Once you know when the materials (or data) that have been transformed and have passed through the bottleneck step must reach final assembly, you can calculate backwards to determine the timing of release of all materials (or data) in the process. By this means you can ensure that the release of materials through non-bottleneck steps occurs at a pace consistent with the capacity of the bottleneck.

These principles apply at the level of a domain process, a system-wide process and an enterprise-wide process. At an enterprise level, the ultimate idea is to match the pace of work through the enterprise’s bottlenecks with market demand while reducing inventory at non-bottleneck steps and reducing operational expense. As you optimize internal processes, you can shift focus to increasing market demand.

In improving workflows, a process map is a helpful tool. Here is an example of a swim-lane style process map. In this case, the swim lanes are all roles. But a technical platform could also be a swim lane. It would show the points of interaction between role and tool that enable the transformation to move forward.

For context, this particular process map is a “double click” of the flow arrows shown in orange on the overall revenue engine system map below:

In process redesign, when possible move bottlenecks to the beginning of a process. That makes it easier for the bottleneck to set the pace for the rest of the process. If people are needed to execute the bottleneck step, top performers should occupy these positions. If the resource that executes the bottleneck transformation is a machine or a computer, its performance is a first-order priority. Be sure not to build a separate quality control step into a process. Quality control should occur within a step, not after it.

For every process step, there are four sub-steps:

  • Set-up (the wait time awaiting the resource necessary to work on a part or data)
  • Process time (the time actually working on the process step)
  • Queue time (the time a part spends in line for a resource while the resource is busy working on something else ahead of it)
  • Wait time (the time a part is waiting for another part or data)

For parts or data that go through bottlenecks, queues are the primary issue. To solve for queues, cut the batch sizes that flow into bottleneck steps. This simplifies processing. For parts or data going through non-bottleneck steps, waits are the primary issue. Non-bottleneck steps can become capacity constraint resources if their sequencing of work creates holes in the work-in-process buffers in front of bottlenecks. In general, it is best to work on parts or data in the sequence in which they arrive (first come, first done). This should cause fewer holes in buffers, and will simplify tracking of parts or data.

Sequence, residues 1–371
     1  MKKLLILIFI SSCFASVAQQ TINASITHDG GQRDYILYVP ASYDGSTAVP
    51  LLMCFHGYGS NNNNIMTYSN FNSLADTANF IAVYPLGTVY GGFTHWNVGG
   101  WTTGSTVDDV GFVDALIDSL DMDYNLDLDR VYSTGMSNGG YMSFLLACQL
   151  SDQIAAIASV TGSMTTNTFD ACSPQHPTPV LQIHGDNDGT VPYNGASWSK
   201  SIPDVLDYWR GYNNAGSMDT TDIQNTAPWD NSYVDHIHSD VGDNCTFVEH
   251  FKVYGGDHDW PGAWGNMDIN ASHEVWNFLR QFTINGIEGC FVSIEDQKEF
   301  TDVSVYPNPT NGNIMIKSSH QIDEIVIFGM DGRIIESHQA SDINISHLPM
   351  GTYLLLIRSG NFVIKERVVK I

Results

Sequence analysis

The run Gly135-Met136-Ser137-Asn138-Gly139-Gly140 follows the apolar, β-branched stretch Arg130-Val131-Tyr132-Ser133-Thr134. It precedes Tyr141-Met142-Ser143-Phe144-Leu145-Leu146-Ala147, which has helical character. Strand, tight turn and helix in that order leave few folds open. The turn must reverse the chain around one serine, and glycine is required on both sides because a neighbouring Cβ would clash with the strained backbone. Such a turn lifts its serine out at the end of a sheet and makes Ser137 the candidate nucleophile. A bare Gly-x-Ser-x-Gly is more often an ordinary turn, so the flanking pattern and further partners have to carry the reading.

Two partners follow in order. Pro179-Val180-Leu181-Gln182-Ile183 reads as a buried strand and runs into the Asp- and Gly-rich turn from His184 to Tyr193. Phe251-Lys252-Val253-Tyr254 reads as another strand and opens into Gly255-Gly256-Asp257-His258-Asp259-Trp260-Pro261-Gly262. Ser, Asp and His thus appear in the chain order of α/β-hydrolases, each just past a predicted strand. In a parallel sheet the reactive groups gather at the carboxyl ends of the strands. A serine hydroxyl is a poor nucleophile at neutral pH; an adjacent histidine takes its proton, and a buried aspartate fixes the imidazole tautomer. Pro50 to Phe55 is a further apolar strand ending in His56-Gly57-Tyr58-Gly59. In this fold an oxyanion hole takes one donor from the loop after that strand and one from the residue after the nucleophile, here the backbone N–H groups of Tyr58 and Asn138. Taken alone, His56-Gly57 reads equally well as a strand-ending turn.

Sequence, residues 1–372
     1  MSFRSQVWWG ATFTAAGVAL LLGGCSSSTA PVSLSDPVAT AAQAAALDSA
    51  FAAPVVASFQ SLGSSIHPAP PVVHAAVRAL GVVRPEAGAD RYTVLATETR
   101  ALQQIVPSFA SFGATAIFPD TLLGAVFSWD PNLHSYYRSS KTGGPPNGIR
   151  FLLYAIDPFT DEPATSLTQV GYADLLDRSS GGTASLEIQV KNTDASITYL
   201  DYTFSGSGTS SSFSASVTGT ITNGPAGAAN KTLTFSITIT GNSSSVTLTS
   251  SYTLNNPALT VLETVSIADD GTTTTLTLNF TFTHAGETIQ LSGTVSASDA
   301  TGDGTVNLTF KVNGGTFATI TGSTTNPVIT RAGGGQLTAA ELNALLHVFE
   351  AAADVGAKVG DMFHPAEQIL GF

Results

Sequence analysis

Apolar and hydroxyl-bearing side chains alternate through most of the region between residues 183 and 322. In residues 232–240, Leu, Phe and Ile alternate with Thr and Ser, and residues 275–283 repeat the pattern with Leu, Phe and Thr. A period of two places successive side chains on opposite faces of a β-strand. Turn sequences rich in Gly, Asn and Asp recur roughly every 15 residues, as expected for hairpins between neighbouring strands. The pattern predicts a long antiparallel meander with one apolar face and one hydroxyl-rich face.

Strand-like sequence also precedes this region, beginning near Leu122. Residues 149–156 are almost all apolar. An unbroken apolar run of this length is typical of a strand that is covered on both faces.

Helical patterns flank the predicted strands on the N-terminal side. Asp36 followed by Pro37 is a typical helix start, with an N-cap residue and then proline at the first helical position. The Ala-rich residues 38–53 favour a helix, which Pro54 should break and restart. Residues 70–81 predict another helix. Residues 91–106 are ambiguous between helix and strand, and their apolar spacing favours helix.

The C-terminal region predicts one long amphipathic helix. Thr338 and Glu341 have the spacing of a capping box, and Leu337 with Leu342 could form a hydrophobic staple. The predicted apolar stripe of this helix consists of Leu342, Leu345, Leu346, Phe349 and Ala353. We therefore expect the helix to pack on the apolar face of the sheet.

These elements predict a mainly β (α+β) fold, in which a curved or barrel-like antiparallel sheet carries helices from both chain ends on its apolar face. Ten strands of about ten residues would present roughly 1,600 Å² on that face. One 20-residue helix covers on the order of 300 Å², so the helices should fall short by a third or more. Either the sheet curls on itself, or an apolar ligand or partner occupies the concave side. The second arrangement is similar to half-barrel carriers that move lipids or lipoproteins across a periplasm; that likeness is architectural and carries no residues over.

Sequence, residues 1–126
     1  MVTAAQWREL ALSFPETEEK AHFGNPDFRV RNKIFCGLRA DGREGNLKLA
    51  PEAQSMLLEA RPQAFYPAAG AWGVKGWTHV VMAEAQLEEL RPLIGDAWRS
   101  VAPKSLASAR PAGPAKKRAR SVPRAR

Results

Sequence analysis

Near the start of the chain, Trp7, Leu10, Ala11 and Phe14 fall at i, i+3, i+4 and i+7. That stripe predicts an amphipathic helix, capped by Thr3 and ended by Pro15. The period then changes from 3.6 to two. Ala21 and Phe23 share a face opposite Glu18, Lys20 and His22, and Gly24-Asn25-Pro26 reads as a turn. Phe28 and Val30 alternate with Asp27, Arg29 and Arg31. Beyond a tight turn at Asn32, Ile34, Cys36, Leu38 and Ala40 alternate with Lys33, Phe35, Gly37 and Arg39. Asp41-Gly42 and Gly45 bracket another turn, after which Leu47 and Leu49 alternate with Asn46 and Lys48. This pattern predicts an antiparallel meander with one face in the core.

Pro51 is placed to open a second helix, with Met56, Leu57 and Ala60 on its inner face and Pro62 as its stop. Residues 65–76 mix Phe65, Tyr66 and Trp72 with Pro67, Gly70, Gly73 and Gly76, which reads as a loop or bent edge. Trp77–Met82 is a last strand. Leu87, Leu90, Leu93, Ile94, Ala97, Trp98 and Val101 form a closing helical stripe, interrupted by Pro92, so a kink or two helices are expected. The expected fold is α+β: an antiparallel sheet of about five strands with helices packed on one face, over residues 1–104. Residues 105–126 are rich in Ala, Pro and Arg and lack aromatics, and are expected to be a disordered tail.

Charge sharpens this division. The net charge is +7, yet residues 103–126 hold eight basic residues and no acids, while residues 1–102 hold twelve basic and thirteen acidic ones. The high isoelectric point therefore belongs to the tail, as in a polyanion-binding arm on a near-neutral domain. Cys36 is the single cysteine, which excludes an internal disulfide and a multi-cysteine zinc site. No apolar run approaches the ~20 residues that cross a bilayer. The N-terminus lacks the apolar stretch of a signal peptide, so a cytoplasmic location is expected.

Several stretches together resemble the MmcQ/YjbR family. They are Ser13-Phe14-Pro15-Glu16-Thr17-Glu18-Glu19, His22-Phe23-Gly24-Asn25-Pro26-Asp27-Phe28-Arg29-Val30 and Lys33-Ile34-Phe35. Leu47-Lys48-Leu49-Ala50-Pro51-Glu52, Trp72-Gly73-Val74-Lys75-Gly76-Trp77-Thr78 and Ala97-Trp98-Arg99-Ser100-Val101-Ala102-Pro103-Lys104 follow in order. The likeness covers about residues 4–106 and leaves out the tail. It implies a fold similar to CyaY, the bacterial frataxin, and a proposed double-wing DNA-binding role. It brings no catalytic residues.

In a world of customized products and many customer configuration permutations, processes often must solve for variation. Variation can express itself in multiple use case scenarios, or in multiple ways of doing the same thing. Processes improve when variation is narrowed. When new work enters the process, try to pinpoint its permutation right away, so that it can be sent down the proper route. This reduces variation at later process steps. If the same thing is done different ways by different teams, figure out the best way to do it and get everyone aligned. Cut variation whenever you can.

Whether it be in a digital flow or a human flow, eliminate unnecessary steps. Extra steps sub-optimize because they waste time and increase failure risk. If multiple sequential tasks in a process are able to be performed without too much cognitive overload by one person, they should be. That makes the job more interesting, which increases motivation. But it also reduces the risk of handoff failures. Reduce checks and controls. Minimize approvals. The process itself should be built for quality.

Workflows can be improved through technology. Once upon a time, information could appear only in one place at a time. Today, with continuously updated databases and instant communications, information can appear simultaneously in as many places as is needed. Once upon a time, complex processes required senior experts. Today, machine learning-based decision systems can help generalists perform expert work. Once upon a time, many roles were comprised of simple, repetitive tasks completed over and over. Today, robotic process automation can free humans from monkey work. Consider how technology can be introduced to revolutionize process performance.

Lags, Oscillations and Archetypes

Process design must account for lags. Lags increase risk of oscillation. In The Fifth Discipline⁴, Peter Senge described a game created at MIT to help business students and leaders better understand oscillation risk. It’s called the beer game. In this game, there is a retailer, a wholesaler and a brewery manager. Each player’s goal is to maximize profit.

In the game, there is a four week lag between a retailer’s order of beer from the wholesaler and its arrival at the retail store, and another four-week lag between the wholesaler’s order of beer from the brewery and its arrival at the wholesaler’s warehouse.

The retailer likes to keep 12 cases of beer on hand at all times, as a buffer to meet variations in demand. One week, the retailer experiences a doubling of the normal customer demand from four to eight cases. When the eight cases are sold, he has just four cases left on the shelf when the next week’s shipment of four cases arrives.